Staedtler’s oldest brands – the Atlas and Minerva pencils

Staedtler's oldest brands - the Atlas and Minerva pencils

Staedtler is one of the world’s foremost pencil manufacturers. While many companies struggle to maintain a single mainstream pencil line, Staedtler has four global brands – Mars Lumograph, Tradition, Noris, and Minerva. They of course also have a number of specialty and local lines.

Note: The photos were taken on green Clairefontaine graph paper, and received no editing other than cropping. We won’t do it again.

Staedtler's oldest brands - the Atlas and Minerva pencils

A previously mentioned interview with a Staedtler executive reveals that though the Mars line, dating from 1900, may be preeminent, the Atlas and Minerva brands are even older (though just by four years), originating in 1896. Amazingly, both brands survive 113 years later!

Staedtler's oldest brands - the Atlas and Minerva pencils

The pencils have similarities. Both are uncapped and have red (though not the same shade) finishes. The shape is a major differentiator. The Minerva is hexagonal, which the Atlas is a relatively unusual round pencil.

Staedtler's oldest brands - the Atlas and Minerva pencils

The Atlas has gold lettering, while the Minerva uses white.

Staedtler's oldest brands - the Atlas and Minerva pencils

The Atlas is made in Malaysia, with the lead core produced in Germany. The Minerva has no statement of origin.

Staedtler's oldest brands - the Atlas and Minerva pencils

The Minerva has an unusual aspect for a budget line – availability in three grades.

Staedtler's oldest brands - the Atlas and Minerva pencils

Both are budget pencils and write a bit on the scratchy side. I like the Atlas a bit more due to the richer red finish, absence of bar code, and round shape (unusual for a branded pencil).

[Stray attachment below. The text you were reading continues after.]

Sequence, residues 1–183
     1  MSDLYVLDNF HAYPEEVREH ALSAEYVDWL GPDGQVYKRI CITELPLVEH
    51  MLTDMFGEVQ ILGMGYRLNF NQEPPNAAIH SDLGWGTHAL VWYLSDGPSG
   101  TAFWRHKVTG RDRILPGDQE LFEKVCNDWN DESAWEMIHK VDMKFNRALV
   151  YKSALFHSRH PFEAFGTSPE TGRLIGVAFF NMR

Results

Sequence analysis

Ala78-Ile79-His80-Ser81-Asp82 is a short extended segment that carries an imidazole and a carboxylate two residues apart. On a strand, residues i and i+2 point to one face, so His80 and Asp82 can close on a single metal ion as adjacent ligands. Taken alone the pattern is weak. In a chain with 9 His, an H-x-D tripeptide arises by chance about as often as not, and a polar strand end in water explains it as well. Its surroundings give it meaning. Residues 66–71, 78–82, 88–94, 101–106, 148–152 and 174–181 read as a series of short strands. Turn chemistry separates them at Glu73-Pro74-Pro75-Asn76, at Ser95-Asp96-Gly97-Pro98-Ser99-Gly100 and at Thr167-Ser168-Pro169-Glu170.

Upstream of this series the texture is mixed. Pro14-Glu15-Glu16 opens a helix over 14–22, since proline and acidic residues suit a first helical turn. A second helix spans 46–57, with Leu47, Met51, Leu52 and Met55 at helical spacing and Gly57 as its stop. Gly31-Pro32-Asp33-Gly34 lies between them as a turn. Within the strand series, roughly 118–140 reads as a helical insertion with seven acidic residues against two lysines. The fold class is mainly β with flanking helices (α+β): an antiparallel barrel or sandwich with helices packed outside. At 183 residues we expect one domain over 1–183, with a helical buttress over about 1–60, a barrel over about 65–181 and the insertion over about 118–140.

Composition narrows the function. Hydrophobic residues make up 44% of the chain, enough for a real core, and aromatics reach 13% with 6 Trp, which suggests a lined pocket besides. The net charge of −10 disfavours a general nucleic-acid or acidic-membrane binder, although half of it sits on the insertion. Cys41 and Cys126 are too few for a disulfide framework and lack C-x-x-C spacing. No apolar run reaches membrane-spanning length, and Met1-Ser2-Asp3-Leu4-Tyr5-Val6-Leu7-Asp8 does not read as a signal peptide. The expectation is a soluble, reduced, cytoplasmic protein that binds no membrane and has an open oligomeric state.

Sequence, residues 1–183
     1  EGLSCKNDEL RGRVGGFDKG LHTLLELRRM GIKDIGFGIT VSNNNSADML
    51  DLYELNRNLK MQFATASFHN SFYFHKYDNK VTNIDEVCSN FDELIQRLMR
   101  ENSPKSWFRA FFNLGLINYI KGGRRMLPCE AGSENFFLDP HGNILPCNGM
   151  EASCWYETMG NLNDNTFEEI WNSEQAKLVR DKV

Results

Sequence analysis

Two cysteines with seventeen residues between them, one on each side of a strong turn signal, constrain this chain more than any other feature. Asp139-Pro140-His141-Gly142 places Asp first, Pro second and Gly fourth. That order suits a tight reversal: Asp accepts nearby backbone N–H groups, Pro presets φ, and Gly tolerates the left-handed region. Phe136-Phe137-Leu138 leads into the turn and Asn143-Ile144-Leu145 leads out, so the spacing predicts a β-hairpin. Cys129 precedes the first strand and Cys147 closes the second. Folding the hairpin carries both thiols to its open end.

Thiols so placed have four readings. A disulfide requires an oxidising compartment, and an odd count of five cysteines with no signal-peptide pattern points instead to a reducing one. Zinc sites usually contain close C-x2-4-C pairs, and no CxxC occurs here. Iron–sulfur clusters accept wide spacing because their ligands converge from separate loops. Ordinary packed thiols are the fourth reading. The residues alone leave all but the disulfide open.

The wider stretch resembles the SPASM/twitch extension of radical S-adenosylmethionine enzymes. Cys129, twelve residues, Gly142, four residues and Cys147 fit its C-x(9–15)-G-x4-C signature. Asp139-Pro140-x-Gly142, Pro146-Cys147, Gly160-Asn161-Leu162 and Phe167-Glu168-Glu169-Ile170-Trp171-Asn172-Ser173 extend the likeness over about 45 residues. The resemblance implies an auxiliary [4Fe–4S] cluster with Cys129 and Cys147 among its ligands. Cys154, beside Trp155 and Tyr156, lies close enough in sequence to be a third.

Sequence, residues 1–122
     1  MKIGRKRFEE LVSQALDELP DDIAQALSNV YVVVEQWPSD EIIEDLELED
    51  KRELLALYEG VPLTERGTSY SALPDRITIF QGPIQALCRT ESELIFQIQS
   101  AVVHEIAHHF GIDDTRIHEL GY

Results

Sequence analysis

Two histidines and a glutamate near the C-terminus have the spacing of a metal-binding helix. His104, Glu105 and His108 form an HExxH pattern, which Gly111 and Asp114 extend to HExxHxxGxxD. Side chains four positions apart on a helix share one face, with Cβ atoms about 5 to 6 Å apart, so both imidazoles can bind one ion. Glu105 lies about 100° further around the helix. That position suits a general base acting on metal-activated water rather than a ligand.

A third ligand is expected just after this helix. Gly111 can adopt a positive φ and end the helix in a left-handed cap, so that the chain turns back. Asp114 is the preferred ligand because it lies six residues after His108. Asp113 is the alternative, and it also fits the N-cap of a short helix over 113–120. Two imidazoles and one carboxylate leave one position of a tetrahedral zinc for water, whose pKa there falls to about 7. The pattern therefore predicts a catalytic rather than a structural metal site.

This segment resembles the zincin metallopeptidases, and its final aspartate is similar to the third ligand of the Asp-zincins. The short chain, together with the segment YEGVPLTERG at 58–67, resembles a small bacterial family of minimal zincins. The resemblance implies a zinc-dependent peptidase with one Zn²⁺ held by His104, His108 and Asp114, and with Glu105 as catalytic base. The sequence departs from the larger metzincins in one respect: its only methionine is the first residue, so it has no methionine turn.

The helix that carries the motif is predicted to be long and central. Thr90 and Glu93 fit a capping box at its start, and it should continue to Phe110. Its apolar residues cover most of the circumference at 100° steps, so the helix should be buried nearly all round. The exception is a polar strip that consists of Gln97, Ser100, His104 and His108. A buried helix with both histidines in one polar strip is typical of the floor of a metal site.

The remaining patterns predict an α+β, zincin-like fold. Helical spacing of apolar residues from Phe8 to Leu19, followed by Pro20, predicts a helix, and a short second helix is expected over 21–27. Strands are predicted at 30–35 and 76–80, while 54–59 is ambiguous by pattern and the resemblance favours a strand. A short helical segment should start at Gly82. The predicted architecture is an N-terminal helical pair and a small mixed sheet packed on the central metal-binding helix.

Thanks to Gunther at Lexikaliker for arranging the purchase of the Minerva pencils.

8 Replies to “Staedtler’s oldest brands – the Atlas and Minerva pencils”

  1. Interesting. I do not believe we have either of these pencils “Down Under”, but the Staedtler Pacific would appear to fill the gap left by the absence of the Minerva. Would you care to comment on the similarities or otherwise of the Minerva and the Pacific?

  2. Kiwi-d, the Pacific is an interesting complement to the Atlas and Minerva. I’ve been using all three – and apart from the round shape of the Atlas – there seem to be few differentiators. I can’t decide which has the best lead – probably the Pacific or Minerva.

  3. It amazing how some pencils are unknown and strange for people living in a part of the planet and so common for the rest.
    For me a Dixon Ticonderoga or a General Pencil Co. pencil is stranger than a pink Alien and the Minerva is the pencil everybody used to use when I was a school boy, here in Catalonia.

  4. Joan, you’re right.
    Before they became Berol and then Sanford, Venus was the quality pencil I knew. Staedtler and Faber-Castell might as well have been cities for all I knew.
    Until I got interested in pencils for their own sake (and this site is to blame) ‘d never heard of Dixon or Palomino, let alone Blackwing.

  5. I got some of the Atlas pencils a while back on eBay. I liked the fact they were round, and the lead wasn’t bad, but they had terrible quality issues — the paint was extremely uneven in its application (thick at some parts, barely there on others), and the cores were seriously misaligned on more than half of the dozen I got. Overall, I wouldn’t recommend them at all; they’re far too hit-and-miss.

  6. The box of ‘2B’ Minervas, Made in Thailand are superb pencils. For $4 a dozen they write/draw wonderfully well, are nicely finished and sharpen easily….and I adore the orange red case with very clear white lettering. I don’t say this lightly but they have a similar writing feel to a Palomino ‘HB’. They seem to be a class above other pencils in this price range, at least here in Australia. You can tell they are a member of a very distinguished pencil making company. The only thing I don’t like is the squared off end. When sharpening the pencil the end dis in to the palm of your hand which is quite a painful experience, big wuss that I am.

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